With the above in mind, let’s examine where Buterin gets it right.
Using the airplane analogy again, when you use a bridge to fly your token or NFT from Ethereum to, say, Polygon, the original NFT or token that you have transported via the bridge will now be different depending on the contract specifications of the bridge that was used. At the top level it’s a small detail, but sending an NFT on a bridge and then seeing it’s no longer part of the original collection, is a huge misstep. Returning back to the original destination with your NFT will be massively difficult and you may also lose out on benefits your NFT offers as it is no longer seen as the original asset.
The other problem is that bridges need to have permission because individuals need to whitelist specific assets to ensure it crosses the bridge registered as the original asset. However, this invites human error and possible risk, where projects transport across bridges without the originating contract from the network or blockchain it is coming from.
There are also different issues with bridges that need a specific amount of liquidity, which copies the process in funding an LP pool on a decentralized exchange (DEX). The caveat is, you must be funding the multi-chain bridge / DEX, which is extremely complex and intricate. Because of this challenging aspect, many bridges also operate as a DEX.
Operating bridges, therefore, look like airport security because there is a necessity to assess each asset before allowing them to enter the new blockchain or network from the bridge. If security officers didn’t take on this responsibility, bad actors can take advantage and false multi-chain claims can occur.
As we’ve just examined, Buterin is not entirely wrong when he highlights the limitations of bridging technology. Like any new intervention, there are bound to be creases that will need to be ironed out as the technology develops. Blockchain has come a long way since its early inception when there was only Bitcoin. Back then, many people doubted that blockchain would be what it is or where it is today.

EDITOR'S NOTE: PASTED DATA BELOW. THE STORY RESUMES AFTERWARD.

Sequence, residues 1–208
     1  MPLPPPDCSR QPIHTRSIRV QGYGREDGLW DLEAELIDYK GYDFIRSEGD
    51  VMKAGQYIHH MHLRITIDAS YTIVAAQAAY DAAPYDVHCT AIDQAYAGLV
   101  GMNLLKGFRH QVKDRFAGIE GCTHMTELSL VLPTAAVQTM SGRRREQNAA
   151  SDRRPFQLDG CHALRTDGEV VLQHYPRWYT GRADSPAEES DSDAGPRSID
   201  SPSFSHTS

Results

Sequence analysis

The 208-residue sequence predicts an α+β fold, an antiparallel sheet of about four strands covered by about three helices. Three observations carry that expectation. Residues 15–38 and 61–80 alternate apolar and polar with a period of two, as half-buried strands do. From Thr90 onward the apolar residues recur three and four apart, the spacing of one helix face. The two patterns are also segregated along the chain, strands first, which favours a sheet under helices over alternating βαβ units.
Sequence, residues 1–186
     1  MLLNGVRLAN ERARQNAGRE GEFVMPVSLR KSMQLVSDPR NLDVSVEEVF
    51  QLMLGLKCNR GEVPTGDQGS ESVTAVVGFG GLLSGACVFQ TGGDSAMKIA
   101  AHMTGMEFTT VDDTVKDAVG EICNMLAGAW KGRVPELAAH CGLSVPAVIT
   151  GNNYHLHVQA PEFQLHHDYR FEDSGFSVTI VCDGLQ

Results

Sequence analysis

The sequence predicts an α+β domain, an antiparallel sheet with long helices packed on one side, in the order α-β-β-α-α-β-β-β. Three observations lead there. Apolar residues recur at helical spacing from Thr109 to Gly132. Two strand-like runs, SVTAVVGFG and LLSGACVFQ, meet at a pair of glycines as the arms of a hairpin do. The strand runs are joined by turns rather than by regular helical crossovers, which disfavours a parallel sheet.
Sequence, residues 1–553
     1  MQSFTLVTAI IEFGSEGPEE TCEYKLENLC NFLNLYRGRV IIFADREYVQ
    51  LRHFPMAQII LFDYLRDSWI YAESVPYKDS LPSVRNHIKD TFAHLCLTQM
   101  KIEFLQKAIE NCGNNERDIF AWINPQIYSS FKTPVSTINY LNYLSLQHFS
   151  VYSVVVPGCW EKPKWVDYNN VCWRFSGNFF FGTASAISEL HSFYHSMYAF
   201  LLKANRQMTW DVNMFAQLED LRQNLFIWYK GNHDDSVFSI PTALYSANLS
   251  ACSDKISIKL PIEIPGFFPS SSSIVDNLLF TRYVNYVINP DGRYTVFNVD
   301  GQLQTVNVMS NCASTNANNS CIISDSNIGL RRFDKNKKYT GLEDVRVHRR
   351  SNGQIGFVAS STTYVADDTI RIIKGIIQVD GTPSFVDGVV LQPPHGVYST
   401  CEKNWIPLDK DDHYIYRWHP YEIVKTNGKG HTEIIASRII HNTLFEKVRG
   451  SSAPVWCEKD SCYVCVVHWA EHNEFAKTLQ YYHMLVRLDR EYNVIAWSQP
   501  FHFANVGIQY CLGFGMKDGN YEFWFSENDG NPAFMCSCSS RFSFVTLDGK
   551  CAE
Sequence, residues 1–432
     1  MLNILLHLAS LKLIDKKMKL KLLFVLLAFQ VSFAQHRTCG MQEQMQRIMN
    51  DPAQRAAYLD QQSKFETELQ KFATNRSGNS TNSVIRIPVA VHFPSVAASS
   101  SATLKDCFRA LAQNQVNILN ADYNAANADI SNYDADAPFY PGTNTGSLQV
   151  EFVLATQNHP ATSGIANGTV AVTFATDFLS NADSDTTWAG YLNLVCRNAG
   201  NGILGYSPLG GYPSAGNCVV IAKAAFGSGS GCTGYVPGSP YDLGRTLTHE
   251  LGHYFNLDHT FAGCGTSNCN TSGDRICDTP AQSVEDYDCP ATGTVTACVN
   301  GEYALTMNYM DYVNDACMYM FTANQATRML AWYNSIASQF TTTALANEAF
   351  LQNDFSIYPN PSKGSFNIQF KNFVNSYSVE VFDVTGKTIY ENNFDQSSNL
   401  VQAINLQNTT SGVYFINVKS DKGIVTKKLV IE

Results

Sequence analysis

And this is where Buterin gets it wrong. He surmises that blockchain will be multi-chain but not cross-chain because bridging technology, in its current form, is not perfect. But when is any new technology fully realized during its early phases? Any piece of revolutionary technology, from the first car to the first iPhone, has gone through several iterations, improving leaps and bounds with each new development. The first iPhone barely had any of the myriad features the latest iPhone has today.
Ultimately, a cross-chain ecosystem is essential to a multi-chain future that blockchain developers and aficionados understand is inevitably where Web3 is heading. As bridging technology continues to be perfected, they are growing and rising at a rapid pace, so to say that the future is multi-chain but not cross-chain might be true for the Web3 space today, but not in the next few years or even months, considering how fast technology improves.
The world feels so much more expansive and accessible because people have the ability to take a plane and travel to any destination. Just like the humble aeroplane, bridges will be what makes the world of blockchains feel all the more expansive and accessible for users and developers. And that’s a future we should all look forward to.